Tile is a material that is easy to clean, wears wonderfully over time, and looks incredibly sleek in just about any area. When it comes to installation though, tile must have a subfloor beneath it. Can you lay tile over an OSB subfloor?
You can lay tile over an OSB subfloor, but a membrane should be installed between the subfloor and the tiles to ensure a bond between the tile and the floor is made. If tile is installed directly on top of OSB without a membrane, it will not have a strong enough bond which will cause the tile to move or even come up over time.
For those of you who uncover an old floor and find that OSB is the subfloor within your home or business, if there is no damage or huge inconsistencies within it, it is likely that you will want to install the tile you have purchased above it without having to worry about replacing the material. Even if you are looking for a new subfloor to install, OSB is inexpensive and can work well with tile. Continue reading to find out all you need to know about tile and OSB.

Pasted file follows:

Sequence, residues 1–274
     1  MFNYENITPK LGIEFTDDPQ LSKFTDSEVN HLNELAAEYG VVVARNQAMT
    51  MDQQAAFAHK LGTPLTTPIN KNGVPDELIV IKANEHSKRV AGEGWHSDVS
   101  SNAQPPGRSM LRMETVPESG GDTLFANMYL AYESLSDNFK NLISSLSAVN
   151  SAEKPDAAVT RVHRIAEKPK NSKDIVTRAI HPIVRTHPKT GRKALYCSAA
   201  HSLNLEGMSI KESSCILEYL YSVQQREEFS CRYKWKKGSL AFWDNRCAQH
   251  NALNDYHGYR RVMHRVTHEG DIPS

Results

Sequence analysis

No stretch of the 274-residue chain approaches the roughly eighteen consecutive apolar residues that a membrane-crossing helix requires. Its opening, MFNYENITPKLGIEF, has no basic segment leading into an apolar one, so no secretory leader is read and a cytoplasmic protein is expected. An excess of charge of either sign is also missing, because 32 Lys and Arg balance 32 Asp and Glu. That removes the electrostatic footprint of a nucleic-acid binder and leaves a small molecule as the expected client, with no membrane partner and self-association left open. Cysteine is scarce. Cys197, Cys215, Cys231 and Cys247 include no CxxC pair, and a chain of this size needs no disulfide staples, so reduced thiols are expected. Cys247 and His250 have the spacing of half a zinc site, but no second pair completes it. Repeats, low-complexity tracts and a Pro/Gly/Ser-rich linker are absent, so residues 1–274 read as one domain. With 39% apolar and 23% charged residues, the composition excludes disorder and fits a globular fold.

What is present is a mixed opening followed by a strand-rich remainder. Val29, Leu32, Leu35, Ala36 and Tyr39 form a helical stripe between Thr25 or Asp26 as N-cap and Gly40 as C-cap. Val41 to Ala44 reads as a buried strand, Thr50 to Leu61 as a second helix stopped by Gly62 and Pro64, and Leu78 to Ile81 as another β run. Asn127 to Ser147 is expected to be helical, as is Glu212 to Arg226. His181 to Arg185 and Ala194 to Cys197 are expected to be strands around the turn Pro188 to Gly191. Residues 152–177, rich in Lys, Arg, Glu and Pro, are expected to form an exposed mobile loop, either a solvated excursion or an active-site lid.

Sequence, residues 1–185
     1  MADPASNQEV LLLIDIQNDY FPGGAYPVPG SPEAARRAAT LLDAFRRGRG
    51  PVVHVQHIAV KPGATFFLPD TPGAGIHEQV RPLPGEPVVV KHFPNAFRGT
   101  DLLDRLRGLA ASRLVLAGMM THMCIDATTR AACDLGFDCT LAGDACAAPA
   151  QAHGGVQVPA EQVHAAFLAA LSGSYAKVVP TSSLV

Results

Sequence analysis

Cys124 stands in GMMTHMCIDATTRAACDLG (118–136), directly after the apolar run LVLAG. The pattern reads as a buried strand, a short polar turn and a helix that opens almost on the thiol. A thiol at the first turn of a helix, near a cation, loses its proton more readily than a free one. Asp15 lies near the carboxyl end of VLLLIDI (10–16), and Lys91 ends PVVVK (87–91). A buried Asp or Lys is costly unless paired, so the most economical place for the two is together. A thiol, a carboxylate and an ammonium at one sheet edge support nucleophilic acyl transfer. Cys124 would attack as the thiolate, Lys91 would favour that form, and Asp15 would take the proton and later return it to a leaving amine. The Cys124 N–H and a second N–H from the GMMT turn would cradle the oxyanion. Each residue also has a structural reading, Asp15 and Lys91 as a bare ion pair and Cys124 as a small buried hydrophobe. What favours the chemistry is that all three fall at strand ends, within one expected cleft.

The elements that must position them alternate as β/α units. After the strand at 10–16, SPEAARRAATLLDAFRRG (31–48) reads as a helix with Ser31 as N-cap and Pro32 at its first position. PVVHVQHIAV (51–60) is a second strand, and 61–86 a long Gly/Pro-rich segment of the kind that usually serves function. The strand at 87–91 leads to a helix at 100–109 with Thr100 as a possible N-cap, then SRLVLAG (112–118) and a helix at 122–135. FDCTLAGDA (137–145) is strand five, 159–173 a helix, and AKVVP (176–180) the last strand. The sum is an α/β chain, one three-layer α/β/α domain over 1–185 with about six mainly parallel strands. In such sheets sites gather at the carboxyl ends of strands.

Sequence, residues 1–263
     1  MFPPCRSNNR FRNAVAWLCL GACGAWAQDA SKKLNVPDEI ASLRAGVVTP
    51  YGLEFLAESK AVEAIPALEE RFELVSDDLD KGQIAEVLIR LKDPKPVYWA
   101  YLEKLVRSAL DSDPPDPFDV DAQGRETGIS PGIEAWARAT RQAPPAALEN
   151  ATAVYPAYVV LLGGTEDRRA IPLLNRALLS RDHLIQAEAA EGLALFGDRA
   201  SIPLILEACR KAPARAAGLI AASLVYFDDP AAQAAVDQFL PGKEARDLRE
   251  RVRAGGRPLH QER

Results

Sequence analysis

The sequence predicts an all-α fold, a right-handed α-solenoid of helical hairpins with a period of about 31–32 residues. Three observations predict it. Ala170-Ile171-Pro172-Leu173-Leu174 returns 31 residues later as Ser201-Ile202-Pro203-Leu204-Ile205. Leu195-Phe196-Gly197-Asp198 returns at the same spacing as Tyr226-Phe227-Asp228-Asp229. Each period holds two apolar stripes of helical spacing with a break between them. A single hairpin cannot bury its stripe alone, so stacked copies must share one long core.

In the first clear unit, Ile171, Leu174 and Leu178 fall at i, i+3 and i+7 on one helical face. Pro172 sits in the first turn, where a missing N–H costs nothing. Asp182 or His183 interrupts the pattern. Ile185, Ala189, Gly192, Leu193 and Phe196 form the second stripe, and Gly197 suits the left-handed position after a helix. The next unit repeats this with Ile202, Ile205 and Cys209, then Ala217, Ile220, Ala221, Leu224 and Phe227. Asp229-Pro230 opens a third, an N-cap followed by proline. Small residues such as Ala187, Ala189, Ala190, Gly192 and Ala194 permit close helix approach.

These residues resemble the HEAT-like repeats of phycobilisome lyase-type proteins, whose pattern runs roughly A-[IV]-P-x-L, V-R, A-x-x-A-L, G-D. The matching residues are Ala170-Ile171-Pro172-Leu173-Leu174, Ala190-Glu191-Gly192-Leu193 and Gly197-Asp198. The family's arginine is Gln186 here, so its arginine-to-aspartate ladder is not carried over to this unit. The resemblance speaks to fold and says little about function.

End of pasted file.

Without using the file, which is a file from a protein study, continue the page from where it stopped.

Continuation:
Can You Lay Tile Over OSB Subfloor?
OSB, which stands for oriented strand board, is a type of material that is similar to plywood in that it is composed of engineered wood that is compressed together in multiple layers to form one sheet. This is a great material for those who want to save a bit of money when it comes to putting down a subfloor as OSB is not incredibly expensive, but it can also do just the trick that builders, DIYers, and homeowners need when it comes to subfloor expectations.
If you plan to use an OSB subfloor beneath tile or have an OSB subfloor that already exists in the area in which you want to install tile, this will work just fine as a subfloor. However, when it comes to installation, you cannot install the tile directly to the surface of the OSB subfloor as thin-set will not bond properly to the resin that is used to hold OSB together.